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Hedonomics
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Hedonomics

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  • 1. An Hedonomic Evaluation of the Effect of Repeated System-Exposure on Pleasurable Human-System Experience Lauren L. Murphy, Ph.D. , Ernst & Young Kip Smith, Ph.D. , Linköping University Peter A. Hancock, Ph.D. , University of Central Florida
  • 2.  
  • 3.  
  • 4. EHH Framework
  • 5. EHH Framework
  • 6. EHH Framework
  • 7. Flow <ul><li>Challenging Activity that Requires Skills </li></ul><ul><li>Clear Goals and Feedback </li></ul><ul><li>Concentration on the Task at Hand </li></ul><ul><li>The Transformation of Time </li></ul><ul><li>Loss of Self-Consciousness </li></ul><ul><li>Loss of Sense of a Self Separate from the Environment </li></ul><ul><li>The Merging of Action and Awareness </li></ul><ul><li>Feeling in Control </li></ul><ul><li>Autotelic Experience </li></ul><ul><ul><ul><ul><ul><li>(Csikszentmihalyi, 1990; Jackson and Marsh, 1996) </li></ul></ul></ul></ul></ul>
  • 8. Overview <ul><li>Experiment One </li></ul><ul><li>Experiment Two </li></ul><ul><li>Experiment Three </li></ul><ul><li>Concluding Remarks about the Findings </li></ul><ul><li>Recommendations for the Application of Hedonomics </li></ul><ul><li>Suggestions for Future Research Directions in Hedonomics </li></ul>
  • 9. Experiment One <ul><li>Purpose </li></ul><ul><ul><li>The purpose of experiment 1 was to investigate the mere exposure effect on Flow </li></ul></ul><ul><li>Logic </li></ul><ul><ul><li>The logic of the study is that by increasing the exposure to technology, positive affect (or liking) toward the technology will increase as well. </li></ul></ul><ul><ul><li>Positive affect has been linked strongly to the occurrence of flow, therefore by increasing the exposure to the technology the result should be an increase of positive affect toward the technology and the occurrence of flow. </li></ul></ul>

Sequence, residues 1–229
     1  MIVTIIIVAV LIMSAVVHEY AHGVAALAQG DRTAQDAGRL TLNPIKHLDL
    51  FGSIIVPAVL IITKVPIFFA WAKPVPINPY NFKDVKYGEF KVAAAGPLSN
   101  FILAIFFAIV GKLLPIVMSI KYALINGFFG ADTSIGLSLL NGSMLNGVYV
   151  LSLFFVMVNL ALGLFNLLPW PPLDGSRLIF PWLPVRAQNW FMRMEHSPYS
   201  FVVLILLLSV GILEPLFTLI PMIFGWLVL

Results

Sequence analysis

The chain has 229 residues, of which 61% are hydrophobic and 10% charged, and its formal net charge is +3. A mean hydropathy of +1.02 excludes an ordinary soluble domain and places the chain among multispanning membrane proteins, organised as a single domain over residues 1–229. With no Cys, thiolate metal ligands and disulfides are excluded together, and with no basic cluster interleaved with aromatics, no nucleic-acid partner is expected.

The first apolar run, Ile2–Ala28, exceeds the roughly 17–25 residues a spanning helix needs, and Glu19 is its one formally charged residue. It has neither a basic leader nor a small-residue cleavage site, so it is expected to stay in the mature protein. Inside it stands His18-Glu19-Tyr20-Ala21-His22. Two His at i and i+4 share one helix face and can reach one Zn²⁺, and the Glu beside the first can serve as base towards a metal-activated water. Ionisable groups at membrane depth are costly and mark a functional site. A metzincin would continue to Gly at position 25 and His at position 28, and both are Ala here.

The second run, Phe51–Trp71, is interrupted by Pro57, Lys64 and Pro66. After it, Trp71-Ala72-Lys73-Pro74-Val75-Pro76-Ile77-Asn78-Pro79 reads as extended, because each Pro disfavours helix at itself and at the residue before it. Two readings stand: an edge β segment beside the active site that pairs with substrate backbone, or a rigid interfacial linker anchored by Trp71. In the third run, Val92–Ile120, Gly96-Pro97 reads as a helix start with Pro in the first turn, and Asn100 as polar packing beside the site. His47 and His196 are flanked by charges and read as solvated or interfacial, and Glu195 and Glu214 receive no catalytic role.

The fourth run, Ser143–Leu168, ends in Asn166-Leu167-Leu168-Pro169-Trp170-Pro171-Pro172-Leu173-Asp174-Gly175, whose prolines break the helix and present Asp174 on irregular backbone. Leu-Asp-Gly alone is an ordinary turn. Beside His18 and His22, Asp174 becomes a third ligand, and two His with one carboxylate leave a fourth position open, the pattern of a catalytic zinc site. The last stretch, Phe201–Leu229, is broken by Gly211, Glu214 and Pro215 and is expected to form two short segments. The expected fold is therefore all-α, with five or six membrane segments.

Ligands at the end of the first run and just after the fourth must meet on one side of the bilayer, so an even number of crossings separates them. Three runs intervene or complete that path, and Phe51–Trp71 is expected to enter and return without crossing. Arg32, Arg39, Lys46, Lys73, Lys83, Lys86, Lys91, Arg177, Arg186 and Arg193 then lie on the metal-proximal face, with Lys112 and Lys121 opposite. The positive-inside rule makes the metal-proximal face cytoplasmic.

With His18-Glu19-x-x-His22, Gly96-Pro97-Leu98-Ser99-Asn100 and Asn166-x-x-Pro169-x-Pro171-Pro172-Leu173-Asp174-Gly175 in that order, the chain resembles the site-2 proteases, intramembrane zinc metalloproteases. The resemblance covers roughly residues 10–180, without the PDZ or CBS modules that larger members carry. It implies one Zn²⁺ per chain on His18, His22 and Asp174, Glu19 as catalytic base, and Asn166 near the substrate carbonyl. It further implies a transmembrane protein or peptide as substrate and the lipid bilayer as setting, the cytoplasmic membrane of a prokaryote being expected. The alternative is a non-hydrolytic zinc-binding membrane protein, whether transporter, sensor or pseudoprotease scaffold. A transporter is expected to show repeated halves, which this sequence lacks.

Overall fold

• 10. Research Questions/Hypotheses <ul><li>1) What is the effect of repeated exposure on flow? </li></ul><ul><ul><li>Flow State Scale </li></ul></ul><ul><ul><ul><ul><ul><li>Jackson and Marsh, 1996 </li></ul></ul></ul></ul></ul><ul><li>Flow was expected to increase linearly with each exposure. </li></ul><ul><ul><ul><ul><ul><li>Bossard, 1932; Dion, 1972; Zajonc, 1980; Bornstein, 1989 </li></ul></ul></ul></ul></ul>
  • 11. Method <ul><li>Repeated Measures Design </li></ul><ul><li>32 Participants </li></ul><ul><li>Exposed to eight 20-min sessions </li></ul><ul><ul><li>four per day for two days </li></ul></ul><ul><li>Their task was to control a forest fire using C3Fire </li></ul><ul><li>After each exposure they took the: </li></ul><ul><ul><li>FSS: Jackson and Marsh, 1996 </li></ul></ul>
  • 12. C3fire Interface <ul><li>The domain of fire fighting is of subsidiary interest and was chosen because the task itself incorporates the essential ‘ingredients’ believed to be conducive to the experience of flow. </li></ul><ul><ul><ul><li> (Granlund, 2002) </li></ul></ul></ul>
  • 13. Repeated Measures ANOVA Flow per Exposure <ul><li>Day 1, exposures: </li></ul><ul><ul><li>1 &lt; 2* and 3* </li></ul></ul><ul><ul><li>4 &gt; 1*, 2* and 3* </li></ul></ul><ul><ul><li>2=3 </li></ul></ul><ul><li>Day 2, exposures: </li></ul><ul><ul><li>5 &lt; 6* and 7* </li></ul></ul><ul><ul><li>8 &gt; 5*, 6* and 7* </li></ul></ul><ul><ul><li>6 = 7 </li></ul></ul><ul><ul><ul><li>* p =.01 </li></ul></ul></ul>